It was very concerning to read on the BBC this morning that Wales chief fire advisor, Des Tidbury believes that residents in private high-rise blocks may have to live with unsafe cladding for years because of wrangling over who should pay to replace it.

Apparently, fifteen buildings in Wales were found to have the same type of aluminium composite cladding which engulfed Grenfell, 12 of them being private sector blocks comprising of about 700 flats. The others were social housing blocks in Newport which are being adapted with £3m in Welsh Government funding.

However, the broadcaster reports that there is uncertainty over who will pay for improvements on privately-owned blocks:

There have been calls by the Residential Landlords Association (RLA) for the Welsh Government to offer short-term loans to the privately owned buildings for remedial works, while the issue of liability is ironed out.

Mr Tidbury said different types of tenancy contracts, complicated management arrangements and where responsibility lies for communal areas formed part of the issue.

"It's extremely complex and can only be looked at building by building," he said.

"It could be that a landlord in good faith commissioned the work to be done, but the cladding that was used was of the sort that may have been used at Grenfell, so issues around that.

"Then who is responsible… was it the landlord for commissioning the work or indeed was it the contractor for putting up the cladding?

"And then you look at the testing regime for some of the products and materials, that's also been called into question.

"In the end you might never get to the point where you fully identify who is responsible, it could take years and years and years."

Although fire safety features, such as night-time walking patrols and extra alarms, are being introduced in affected buildings in the shorter term, the costs are falling on leaseholders in some cases.

There have been warnings some homeowners cannot sell or re-mortgage their apartments due to the cladding issues.

This is not a situation that can be allowed to fester for too long. Clearly it is not right that tenants and leaseholders should foot the bill, but neither should the public purse be held liable for the costs of making these blocks safe. However, if the Welsh Government does not act soon then lives may be put at risk.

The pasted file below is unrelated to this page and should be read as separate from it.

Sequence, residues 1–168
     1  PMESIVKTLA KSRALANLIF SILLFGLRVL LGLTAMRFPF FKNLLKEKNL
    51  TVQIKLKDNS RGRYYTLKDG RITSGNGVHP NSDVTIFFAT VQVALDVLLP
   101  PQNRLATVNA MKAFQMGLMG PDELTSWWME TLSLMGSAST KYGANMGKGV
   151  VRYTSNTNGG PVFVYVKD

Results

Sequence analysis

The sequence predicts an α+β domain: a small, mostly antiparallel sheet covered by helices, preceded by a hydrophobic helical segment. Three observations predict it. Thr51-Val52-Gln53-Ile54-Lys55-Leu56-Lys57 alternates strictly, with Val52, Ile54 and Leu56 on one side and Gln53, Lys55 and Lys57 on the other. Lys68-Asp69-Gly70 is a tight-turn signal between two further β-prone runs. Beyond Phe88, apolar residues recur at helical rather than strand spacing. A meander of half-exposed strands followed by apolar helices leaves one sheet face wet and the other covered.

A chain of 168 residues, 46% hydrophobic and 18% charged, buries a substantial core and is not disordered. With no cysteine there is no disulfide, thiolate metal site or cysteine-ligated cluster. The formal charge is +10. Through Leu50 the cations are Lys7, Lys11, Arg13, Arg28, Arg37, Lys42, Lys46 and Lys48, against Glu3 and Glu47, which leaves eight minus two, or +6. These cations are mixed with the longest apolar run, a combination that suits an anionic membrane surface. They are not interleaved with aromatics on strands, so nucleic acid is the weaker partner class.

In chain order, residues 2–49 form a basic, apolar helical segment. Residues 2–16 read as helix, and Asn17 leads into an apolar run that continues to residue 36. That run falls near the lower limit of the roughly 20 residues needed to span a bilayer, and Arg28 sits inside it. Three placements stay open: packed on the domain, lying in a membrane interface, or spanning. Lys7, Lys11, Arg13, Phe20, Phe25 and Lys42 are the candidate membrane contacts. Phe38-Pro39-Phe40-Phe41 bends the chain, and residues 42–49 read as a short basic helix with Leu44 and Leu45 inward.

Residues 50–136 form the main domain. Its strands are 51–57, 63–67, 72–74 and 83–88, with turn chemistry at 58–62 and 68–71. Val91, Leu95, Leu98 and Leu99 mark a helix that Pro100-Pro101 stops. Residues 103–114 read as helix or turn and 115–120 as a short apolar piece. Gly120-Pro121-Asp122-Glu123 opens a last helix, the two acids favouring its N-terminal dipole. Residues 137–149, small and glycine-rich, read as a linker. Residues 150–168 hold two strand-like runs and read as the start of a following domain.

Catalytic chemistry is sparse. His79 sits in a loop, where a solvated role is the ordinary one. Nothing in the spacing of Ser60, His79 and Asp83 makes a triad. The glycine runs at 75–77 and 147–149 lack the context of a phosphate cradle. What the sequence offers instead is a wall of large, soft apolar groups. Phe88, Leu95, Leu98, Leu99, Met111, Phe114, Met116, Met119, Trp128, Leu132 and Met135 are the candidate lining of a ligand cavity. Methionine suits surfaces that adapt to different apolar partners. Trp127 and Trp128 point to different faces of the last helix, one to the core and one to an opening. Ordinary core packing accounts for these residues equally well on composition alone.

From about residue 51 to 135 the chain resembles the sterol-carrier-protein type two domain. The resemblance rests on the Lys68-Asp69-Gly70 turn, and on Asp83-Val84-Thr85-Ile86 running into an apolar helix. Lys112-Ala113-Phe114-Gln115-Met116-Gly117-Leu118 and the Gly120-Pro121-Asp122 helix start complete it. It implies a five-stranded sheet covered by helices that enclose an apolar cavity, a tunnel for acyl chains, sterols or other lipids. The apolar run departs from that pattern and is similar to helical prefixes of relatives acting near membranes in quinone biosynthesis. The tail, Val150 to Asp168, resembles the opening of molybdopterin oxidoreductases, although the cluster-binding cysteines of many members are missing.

My view is that legally the responsibility for sorting this problem should rest with the freehold owner of these flats. He or she may then wish to pursue the company responsible for fitting and/or supplying or certifying the cladding for reimbursement.

But the Residential Landlords Association is right, we cannot wait for legal actions to be exhausted before action is taken. The cladding needs to be replaced now. That is why the common sense approach they suggest of the Welsh Government lending the money so that the work can be carried out expeditiously seems to be the most practical way forward.

The ball is now in the Welsh Minister's court. Let us hope she picks it up and does something with it quickly.

Tuesday, June 12, 2018

A toxic racism in the Tory Party?

If Corbyn has a problem with anti-Semitism then it seems that the Tories also have a problem, with Islamophobia. At least that is the view of their former party chair, Baroness Warsi.

According to the Independent she says that the "poison" of Islamophobia is "very widespread" in the Conservative Party but is being “ignored” by Tory leaders. Warsi believes that the problem is present at all levels of her party and claims some of the Tories’ own campaigns have included anti-Muslim messages:

She told Business Insider: "It's very widespread. It exists right from the grassroots, all the way up to the top.

"I don't think it's something that Theresa [May] is a part of, but I do believe it is something the leadership feels can be easily ignored."

She claimed Tory leaders are not taking the problem seriously because "they don't think it is going to damage them because that community doesn't vote for them in any great numbers."

She added: "I think that there is a general sense in the country that Muslims are fair game and it is not the kind of community where you can treat really badly and have many consequences. You can get any with it".

Baroness Warsi highlighted the 2016 London mayoral campaign, during which the Conservatives were criticised for portraying Labour’s Sadiq Khan, who is Muslim, as “extremist”: